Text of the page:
I got a call this morning from a family member who is currently in jail. I won’t go into detail about his offenses or criminal background because this is not what this post is about. What I can say is this young man has so much potential and it is heartbreaking to sit back and watch as his life ticks by.
As my eyes swell up and I choke back on tears, I reflect on my experiences visiting family members in prison, writing letters and feeling their absences during holidays and central occasions. This is not new. According to the NAACP, African Americans are incarcerated at five times the rate of whites. This is an epidemic. Always young black men getting caught in a system that will hinder their success. On Christmas, Thanksgiving, Easter, and even my wedding day the weight of their absence heavy on our hearts.
While they are doing their time, it is often said we do time as well. I understand the sentiment but the reality is that time stops for no one. We go on with our lives continuing to celebrate, travel, and grow while they sit in a cell. Reinforcing what society continues to tell them. They are unworthy, they must fight, they are a threat.
The contrast of our White vs Black Family
The contrast is so imminently obvious at holidays. For years, we did a duel Christmas celebration, spending the first half of the day with my husband’s family and then rushing over to mama’s house (my side) for the rest of the day. Both celebrations filled with warmth, laughter, and tradition. Yet there are stark differences from one gathering to the other.
James’s Family Christmas
Until recently, the Laufenberg family Christmas looked like Oprah’s favorite things on steroids. Thanks mostly to my mother in law who would thoughtfully collect meaningful gifts for every member of our family throughout the year. For example, each year one person received an autographed book.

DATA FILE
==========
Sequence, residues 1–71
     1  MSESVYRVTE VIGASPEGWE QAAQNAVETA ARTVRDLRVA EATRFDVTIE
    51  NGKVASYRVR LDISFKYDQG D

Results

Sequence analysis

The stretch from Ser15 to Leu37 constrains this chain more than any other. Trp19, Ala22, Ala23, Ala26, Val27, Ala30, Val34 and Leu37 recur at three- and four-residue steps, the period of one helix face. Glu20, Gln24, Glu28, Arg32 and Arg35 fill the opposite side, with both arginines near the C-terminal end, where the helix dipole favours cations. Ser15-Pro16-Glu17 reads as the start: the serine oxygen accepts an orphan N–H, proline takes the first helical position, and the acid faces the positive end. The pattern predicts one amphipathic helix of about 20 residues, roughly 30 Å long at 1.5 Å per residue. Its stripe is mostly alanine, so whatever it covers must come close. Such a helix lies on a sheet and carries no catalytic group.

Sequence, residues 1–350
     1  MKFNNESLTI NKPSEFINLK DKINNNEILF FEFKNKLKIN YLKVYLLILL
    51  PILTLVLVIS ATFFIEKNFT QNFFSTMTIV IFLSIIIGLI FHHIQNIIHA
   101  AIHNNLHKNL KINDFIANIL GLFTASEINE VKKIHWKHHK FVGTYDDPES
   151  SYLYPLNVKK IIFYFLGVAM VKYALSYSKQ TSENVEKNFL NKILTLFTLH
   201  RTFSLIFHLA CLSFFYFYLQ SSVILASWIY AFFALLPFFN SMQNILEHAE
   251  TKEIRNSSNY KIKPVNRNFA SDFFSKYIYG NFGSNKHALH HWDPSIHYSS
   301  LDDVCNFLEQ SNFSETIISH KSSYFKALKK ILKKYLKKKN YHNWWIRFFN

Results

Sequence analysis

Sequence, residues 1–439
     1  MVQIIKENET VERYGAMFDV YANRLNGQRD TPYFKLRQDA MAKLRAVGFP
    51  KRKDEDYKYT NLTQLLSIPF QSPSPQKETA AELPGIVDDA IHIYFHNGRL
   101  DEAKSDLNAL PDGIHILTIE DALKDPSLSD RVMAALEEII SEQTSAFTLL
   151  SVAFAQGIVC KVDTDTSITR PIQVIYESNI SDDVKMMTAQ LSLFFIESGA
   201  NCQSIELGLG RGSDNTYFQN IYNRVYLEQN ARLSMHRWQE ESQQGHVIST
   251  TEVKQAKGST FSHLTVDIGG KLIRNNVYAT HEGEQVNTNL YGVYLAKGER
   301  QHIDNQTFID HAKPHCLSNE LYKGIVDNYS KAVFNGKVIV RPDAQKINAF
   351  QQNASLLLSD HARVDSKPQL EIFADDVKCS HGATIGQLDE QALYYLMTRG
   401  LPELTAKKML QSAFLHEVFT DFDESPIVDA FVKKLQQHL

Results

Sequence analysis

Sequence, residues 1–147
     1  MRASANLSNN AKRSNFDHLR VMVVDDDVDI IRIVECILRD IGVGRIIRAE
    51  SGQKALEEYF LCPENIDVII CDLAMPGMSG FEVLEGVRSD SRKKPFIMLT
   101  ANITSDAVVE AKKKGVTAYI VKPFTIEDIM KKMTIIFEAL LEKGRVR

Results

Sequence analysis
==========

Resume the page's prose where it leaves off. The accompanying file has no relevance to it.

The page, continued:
Though we have recently scaled back the gift exchange and limited it to only the kids, the traditions remain the same. We meet late morning in the same house my husband grew up in Windsor WI. The house his parents have owned for over 40 years, adorned with beautiful flowers, a pond in the sprawling backyard that backs up to a cornfield.
My mother in law completely revamps her décor for each holiday. placing snowmen on every available surface, hiding the pickle on one of her two trees and setting the table with seasonal napkins. It is peaceful, relatively quiet as we sip on a cocktail and catch up with the family. Three of the four brothers are married each with two daughters. The same family members are present every year.
My parents sold the house I grew up in on the North side of Madison shortly before Giana was born. We were sad yet I understood my mom’s desire to not have the work of maintaining the property. She did the mowing, painting, and pruning alone. With an open-door policy, mama welcomed most anyone needing a meal, an ear or shelter into our home. That did not change when she downsized to a two-bedroom apartment.